40. Dolor - Mechadon (2017)
From the queasy vertigo of the rotating sky to the deep lighting contrast emphasizing islands of hellish glow in dark shadows, from the back-breaking horde fights to the frenetic boss battle, the final map of Counterattack is as brutal and sinister as they come – and it’s all painted in broad, masterful architectural strokes to create that patented jaw-dropping sense of scope that’s led so many of us to wonder if Mechadon is really human.
39. Vrack 3 - Fredrik Johansson (2003)
Each entry in Fredrik Johansson's "Vrack" series depicts a sprawling, shiny, superhitech techbase floating in space.....spacebases, if you will. Techspaces? Uh, anyway, during the early 00s the series was something of an institution, each entry more grandiose and detailed than the last, and as both a setting/theme and a general aesthetic brand the Vrackbase style has been widely influential on a wide variety of both contemporary and later authors (again, several appearing elsewhere on this list), and while Vrack 2 has seen the most direct spinoffs/homages it's the verve and visual style of its big brother, Vrack 3, which has continued to be a touchstone for representationalist sci-fi design to this day.
38. ZDoom Community Map Project 2 - Various (2013)
A group effort by almost thirty people, including many of the biggest names in the ZDoom community, this gargantuan map packs a small megawad’s worth of high-quality ZDoom-based content, including beefed-up weapons, just about every advanced port feature available in 2013, and more custom monsters than you can shake a stick at. Designed for fast pacing and a cinematic adventure tone, it delivers a truly epic journey to hell and back.
37. Disturbia - Death-Destiny (2009)
Death-Destiny's ode to "The Mucus Flow" builds on its spiritual predecessor with choreographed gameplay and sleek, angular techbase contours. It modernizes it, upping the intensity of the bloodshed by many multiples. Numerous core motifs remain: the supply stockpiles, the ubiquitous turrets, the all-too-real risk of ammo running dry. The battle feels like an endless siege, and the satisfying conclusion reaches the hell-corrupted underbelly of the planet. "THE LAND IS DISTURBED", the last display reads, and then you press the final switch.
36. Leave Your Sol Behind - skillsaw (2016)
Ancient Aliens Map16
With its dazzling colors and tense, fast-paced battles, Leave Your Sol Behind is quintessentially Ancient Aliens – but it’s a lot more than that too. This map has you hopping a UFO and riding to four distinct worlds: a high-tech space station, an icy planet, a molten planet, and the alien homeworld. A masterpiece of both storytelling and gameplay, it’s skillsaw at his finest.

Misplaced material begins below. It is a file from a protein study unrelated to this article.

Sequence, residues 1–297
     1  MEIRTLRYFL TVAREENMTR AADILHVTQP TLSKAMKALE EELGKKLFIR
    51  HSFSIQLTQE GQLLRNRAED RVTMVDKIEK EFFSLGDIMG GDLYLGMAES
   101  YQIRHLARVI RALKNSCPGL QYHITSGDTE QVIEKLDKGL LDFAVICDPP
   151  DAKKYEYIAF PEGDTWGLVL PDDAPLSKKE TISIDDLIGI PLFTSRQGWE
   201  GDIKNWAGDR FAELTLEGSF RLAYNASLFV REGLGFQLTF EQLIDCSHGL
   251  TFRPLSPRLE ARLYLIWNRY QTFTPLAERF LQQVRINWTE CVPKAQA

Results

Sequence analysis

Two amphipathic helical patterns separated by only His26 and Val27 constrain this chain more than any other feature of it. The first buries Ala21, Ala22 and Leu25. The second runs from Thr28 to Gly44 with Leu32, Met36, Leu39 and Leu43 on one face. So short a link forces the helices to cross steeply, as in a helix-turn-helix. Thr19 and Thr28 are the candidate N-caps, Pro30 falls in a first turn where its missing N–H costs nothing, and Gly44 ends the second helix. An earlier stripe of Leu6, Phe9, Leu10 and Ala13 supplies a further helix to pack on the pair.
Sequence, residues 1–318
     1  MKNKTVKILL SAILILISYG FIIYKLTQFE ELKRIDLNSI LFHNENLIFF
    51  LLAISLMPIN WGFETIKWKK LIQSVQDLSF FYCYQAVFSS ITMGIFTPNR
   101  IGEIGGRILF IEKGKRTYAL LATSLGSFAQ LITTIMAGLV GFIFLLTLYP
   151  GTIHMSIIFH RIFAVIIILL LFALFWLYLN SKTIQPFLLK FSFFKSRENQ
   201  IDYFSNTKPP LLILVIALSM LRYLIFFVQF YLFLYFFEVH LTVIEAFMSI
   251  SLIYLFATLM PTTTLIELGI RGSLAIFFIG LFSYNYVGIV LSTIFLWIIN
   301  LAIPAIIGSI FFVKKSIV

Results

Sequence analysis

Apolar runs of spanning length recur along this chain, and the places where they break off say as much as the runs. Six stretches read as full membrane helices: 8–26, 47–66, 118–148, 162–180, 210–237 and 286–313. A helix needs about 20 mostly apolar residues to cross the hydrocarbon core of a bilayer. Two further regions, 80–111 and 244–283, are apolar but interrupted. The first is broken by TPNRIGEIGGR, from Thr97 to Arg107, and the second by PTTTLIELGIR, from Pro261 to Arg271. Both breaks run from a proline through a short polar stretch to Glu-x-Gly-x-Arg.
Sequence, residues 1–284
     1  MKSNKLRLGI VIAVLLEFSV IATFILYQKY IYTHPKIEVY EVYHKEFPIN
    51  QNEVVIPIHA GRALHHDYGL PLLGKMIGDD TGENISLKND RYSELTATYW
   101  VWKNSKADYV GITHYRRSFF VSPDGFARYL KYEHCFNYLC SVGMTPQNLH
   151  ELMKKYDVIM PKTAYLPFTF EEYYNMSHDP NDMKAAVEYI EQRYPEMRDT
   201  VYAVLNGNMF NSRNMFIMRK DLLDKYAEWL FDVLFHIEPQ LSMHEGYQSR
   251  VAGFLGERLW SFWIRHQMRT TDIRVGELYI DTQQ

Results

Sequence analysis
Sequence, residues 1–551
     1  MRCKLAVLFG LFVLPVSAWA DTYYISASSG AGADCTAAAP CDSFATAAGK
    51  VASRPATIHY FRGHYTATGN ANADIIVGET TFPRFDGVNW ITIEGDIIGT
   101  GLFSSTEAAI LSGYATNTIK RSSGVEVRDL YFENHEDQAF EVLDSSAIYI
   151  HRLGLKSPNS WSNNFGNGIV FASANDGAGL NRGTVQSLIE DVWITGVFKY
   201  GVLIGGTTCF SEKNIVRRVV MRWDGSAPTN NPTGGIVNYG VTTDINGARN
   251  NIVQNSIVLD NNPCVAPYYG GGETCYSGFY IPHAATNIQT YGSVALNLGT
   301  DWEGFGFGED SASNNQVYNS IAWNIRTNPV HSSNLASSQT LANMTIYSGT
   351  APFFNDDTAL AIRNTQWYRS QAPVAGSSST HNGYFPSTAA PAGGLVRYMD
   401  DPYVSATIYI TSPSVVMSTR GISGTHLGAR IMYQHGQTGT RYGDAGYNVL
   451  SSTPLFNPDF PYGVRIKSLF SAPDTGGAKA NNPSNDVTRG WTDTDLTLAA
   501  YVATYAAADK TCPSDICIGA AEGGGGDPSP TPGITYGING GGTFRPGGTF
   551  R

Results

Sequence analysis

35. Null Space - Russell Pearson (2001)
2001's "Null Space" stands as the grandaddy of the "voidscape" map theme, which is still flourishing to this day (indeed, keep your eyes peeled for this trope elsewhere on this list!). Author Russell Pearson was not, in fact, the first WADster to hit on the idea of using lighting and sector trickery to create the impression of a superstructure or structures free-floating in a void, but his stylish nether-fortress is one of the earliest and strongest examples to believably communicate the idea from top to bottom in a rich level design, making for an unforgettable and oft-tributed outing.
34. Doxylamine Moon - Lainos (2011)
Lainos may have reworked his breakthrough map several times, creating sequels and spiritual spinoffs, but the original remains one for the history books. While the concept of nearly monsterless maps wasn't unheard of, Doxylamine Moon presented an entire massive ghost town in a near-literal sense. Instead of clawing through hordes of demons the player explores a massive, near-empty map, looking for keys and figuring out progression. A lesser execution of this oddball Doom-meets-Myst experiment would be merely just another map prior to monster placement, but in Lainos's hands it outright revolutionized environmental storytelling. We don't know what the story is, but the faint hints spotted throughout the somber, moody city are gripping.
33. You Shall Not Pass! - Huy Pham (2008)
Deus Vult 2 Map22
Could Gandalf have held off 24 Balrogs without a BFG? Probably not, and neither can you, so you’ll have to start running. This map has you taking the long way around its grand central chamber, navigating platforms over lava and trying to clear out the opposition ahead of you as fast as you can to make it to the arsenal at the end of the map before you’re overtaken by your pursuers.
32. Toxin Refinery - NMN, Vader, Risen, and Nightmare (2007)
Knee Deep in ZDoom Z1M3
This map is the peak of everything people love and hate about KDiZD: the agony of backtracking and hallway grinding vs. the thrill of discovery, the haphazard use of custom monsters vs. the sense of variety and pacing one gets from mowing through those monsters, the cleverly/poorly considered use of port features. I’m probably supposed to express more grief over the hubris of it all, but I forgot because I was too busy having fun.
31. Run From It - Erik Alm (2003)
There are controversial maps and then there are universally despised maps. This one is firmly in the latter camp, because once the player crosses a certain point by their starting location, they're forced to literally "run from it" as an off-map crusher threatens to kill the player's voodoo doll doppleganger (and by proxy the player as well). This means the map has to be finished in roughly 28 seconds from the triggering event, otherwise the player "inexplicably" starts suffering massive damage and drops dead. Having to avoid some cheeky traps on the way to the exit only cements the map's status as one of the most hated gimmicks in Doom mapping!